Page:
Making, Baking, and Talking…

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The Grand Traverse Pie Company’s “Kid’s Make and Bake” was about much more than cherry pie… This event is a big hit at the National Cherry Festival each year and provides a unique and effective platform to advocate on behalf of children everywhere. Within the Grand Traverse Pie Company’s message of “Love, Peace, and Pie” there lies an incredible opportunity to speak with parents and caregivers about the importance of prevention and speaking openly about child sexual abuse.

As we welcomed over 400 children (plus their accompanying adults) into the tent, there was an air of excitement accompanied by the sobering truth that 1 in 10 children will be sexually abused by their 18th birthday. We know that prevention is the answer and that education is the first step in heading down that path. We are incredibly grateful to the Grand Traverse Pie Company for providing us with a national platform for relaying this message and to all those adults who took the time to bring their children to this event and take a moment to have a conversation with us.

It is clear that the community is ready to hear this message and they are also ready to respond. Let’s continue this conversation so we can create a world where every child has the opportunity to live a happy and healthy life. To learn more about what you can do to keep the conversation going, visit our Prevention Education page.

Also, be sure and check out the featured story on the Kid’s Make and Bake from 9and10 News!

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Free Training to Prevent Abuse: Advocacy Center Grows Prevention Efforts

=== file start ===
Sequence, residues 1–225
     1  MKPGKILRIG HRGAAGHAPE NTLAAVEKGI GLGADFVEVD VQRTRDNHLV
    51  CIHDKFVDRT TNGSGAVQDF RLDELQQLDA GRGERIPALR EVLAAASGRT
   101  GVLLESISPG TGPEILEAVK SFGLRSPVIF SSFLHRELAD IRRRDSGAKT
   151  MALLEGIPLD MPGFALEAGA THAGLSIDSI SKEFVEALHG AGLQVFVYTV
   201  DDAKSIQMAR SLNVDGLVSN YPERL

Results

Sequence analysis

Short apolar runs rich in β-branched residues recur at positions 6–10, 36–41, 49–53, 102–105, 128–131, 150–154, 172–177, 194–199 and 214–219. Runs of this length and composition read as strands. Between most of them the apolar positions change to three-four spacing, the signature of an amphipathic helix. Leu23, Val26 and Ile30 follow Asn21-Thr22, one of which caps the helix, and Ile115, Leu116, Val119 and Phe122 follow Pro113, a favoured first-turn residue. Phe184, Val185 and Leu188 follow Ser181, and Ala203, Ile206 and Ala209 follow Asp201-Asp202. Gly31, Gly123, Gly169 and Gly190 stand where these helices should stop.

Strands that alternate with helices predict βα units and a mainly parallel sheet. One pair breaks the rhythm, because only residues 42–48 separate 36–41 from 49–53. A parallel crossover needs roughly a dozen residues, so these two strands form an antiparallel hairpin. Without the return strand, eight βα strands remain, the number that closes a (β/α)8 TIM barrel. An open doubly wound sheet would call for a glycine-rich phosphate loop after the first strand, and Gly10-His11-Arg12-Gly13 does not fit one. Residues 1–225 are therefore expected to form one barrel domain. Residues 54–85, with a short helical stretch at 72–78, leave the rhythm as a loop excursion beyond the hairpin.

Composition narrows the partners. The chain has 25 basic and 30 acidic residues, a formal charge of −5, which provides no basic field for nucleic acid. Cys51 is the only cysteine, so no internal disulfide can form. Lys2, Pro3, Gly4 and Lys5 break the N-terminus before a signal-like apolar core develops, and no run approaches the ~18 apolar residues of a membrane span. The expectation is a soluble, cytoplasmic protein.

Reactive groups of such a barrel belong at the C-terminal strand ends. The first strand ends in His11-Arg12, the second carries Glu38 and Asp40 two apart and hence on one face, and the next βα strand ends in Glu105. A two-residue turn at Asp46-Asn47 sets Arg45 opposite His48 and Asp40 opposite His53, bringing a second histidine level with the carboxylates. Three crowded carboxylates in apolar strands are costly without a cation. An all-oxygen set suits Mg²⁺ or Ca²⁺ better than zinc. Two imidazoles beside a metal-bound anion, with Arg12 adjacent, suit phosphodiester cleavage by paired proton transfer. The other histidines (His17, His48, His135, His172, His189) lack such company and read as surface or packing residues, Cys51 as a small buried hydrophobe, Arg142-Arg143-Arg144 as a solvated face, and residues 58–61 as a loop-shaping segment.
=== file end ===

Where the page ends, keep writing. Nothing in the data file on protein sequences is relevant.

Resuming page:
BY SARAH ELMS | June 16, 2015

TRAVERSE CITY — One in 10 children will be sexually abused before their 18th birthday. Traverse Bay Children’s Advocacy Center officials know the statistic well, and they’re reaching out to area adults to help keep children safe.

They’ve created a core team of about 20 volunteers certified to provide child sexual abuse prevention training to adults at schools, businesses or volunteer organizations in the Grand Traverse region.

“This is happening everywhere in every community including our own, and it is really time to help adults in our community to understand this issue and that it is their responsibility to keep (children) safe,” said Hannah Rodriguez, the center’s prevention coordinator.

Jayne Mohr, a retired educator and the advocacy center’s board chairwoman, is a member of the new team of trainers. She said it’s important for adults to take responsibility for the heath and safety of children, who are often too young to stand up for themselves.

The training will give adults the education they need to recognize the signs of abuse in children and the tools to act responsibly.

“Obtaining the skills to do something about it and to take those next steps is what we’re really shooting for,” Rodriguez said.

The training is free through a partnership with the Grand Traverse Regional Community Foundation, and anyone can get involved. Rodriguez encourages interested groups to contact the center and set up a training session.

“It’s up to adults to talk to their children, to talk to one another, and to say as a community, ‘this is not OK with us,'” she said. “We’re a community committed to making the health and safety of our children a priority.”

Call 231-929-4250 for more information or to schedule a training session.

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_837577The moment a child discloses abuse will most likely be remembered as one of the toughest moments of their life.